Hurricanes are the most damaging of natural disasters: since 1980, they have inflicted nearly $1 trillion in damages in the U.S. By 2075, though, their average annual damage cost will likely rise by nearly 40% due to climate change and coastal development. Meeting this challenge demands greater resilience. America, however, isn’t constructing nearly enough resilient buildings.
One of the reasons why is that current building codes—which are the standards to which structures are built—don’t adequately consider how the layout of a city can magnify the wind of a hurricane.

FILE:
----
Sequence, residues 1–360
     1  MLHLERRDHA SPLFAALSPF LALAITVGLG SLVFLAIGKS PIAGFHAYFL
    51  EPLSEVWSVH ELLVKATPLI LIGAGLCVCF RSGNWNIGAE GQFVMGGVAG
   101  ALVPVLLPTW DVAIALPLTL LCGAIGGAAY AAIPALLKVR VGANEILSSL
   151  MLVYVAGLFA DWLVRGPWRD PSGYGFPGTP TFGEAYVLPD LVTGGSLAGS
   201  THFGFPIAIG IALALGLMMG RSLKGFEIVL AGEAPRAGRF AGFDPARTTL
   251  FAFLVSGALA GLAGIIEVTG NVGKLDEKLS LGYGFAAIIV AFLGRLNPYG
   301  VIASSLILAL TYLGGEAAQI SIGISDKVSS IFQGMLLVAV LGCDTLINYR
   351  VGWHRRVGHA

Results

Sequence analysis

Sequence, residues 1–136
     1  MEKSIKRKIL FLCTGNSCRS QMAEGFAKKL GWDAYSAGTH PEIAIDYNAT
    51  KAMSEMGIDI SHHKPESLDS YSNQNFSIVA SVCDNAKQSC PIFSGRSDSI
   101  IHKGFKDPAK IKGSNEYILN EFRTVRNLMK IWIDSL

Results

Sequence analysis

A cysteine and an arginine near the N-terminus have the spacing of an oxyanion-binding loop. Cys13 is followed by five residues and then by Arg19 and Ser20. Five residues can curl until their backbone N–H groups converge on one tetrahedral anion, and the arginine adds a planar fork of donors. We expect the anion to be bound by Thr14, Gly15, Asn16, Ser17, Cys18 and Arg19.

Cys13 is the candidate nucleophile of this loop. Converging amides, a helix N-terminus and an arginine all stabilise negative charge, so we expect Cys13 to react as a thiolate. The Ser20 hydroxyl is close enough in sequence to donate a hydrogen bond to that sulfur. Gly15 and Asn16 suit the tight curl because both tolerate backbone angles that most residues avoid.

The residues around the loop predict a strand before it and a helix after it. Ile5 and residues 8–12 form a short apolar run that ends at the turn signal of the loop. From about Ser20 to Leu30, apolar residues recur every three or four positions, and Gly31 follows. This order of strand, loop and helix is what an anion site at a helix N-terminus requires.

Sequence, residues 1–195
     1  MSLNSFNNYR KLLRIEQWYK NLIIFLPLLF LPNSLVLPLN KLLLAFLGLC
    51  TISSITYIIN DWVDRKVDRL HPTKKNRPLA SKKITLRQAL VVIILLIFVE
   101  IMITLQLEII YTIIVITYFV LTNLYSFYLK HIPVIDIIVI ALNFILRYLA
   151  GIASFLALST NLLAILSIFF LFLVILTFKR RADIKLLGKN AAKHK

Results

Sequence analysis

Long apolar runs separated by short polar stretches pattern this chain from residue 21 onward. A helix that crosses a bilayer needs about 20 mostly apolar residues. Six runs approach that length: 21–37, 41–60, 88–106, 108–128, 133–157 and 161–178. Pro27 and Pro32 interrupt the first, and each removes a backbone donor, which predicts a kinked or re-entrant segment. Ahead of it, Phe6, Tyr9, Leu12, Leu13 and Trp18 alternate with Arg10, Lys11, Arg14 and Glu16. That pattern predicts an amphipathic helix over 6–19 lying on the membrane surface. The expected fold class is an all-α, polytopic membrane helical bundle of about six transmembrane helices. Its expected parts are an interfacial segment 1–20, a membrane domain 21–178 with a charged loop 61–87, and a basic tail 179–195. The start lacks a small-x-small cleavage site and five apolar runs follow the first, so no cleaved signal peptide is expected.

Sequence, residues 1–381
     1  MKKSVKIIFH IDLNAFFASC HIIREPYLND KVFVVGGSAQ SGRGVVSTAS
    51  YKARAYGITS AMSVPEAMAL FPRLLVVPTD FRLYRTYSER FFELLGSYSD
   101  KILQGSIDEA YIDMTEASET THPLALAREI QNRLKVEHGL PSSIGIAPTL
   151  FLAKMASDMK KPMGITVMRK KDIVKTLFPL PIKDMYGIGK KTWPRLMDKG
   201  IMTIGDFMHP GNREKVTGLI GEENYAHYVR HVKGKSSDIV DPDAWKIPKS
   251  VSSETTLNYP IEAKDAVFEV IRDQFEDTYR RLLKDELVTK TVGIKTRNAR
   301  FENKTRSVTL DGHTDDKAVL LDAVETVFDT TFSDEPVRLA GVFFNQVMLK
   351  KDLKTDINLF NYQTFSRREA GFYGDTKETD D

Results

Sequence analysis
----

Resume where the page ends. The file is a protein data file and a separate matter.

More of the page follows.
In this video, CSHub researchers discuss how the layouts of cities—also known as city texture—can increase a building’s hazard risk and what can be done to make communities more hazard resilient.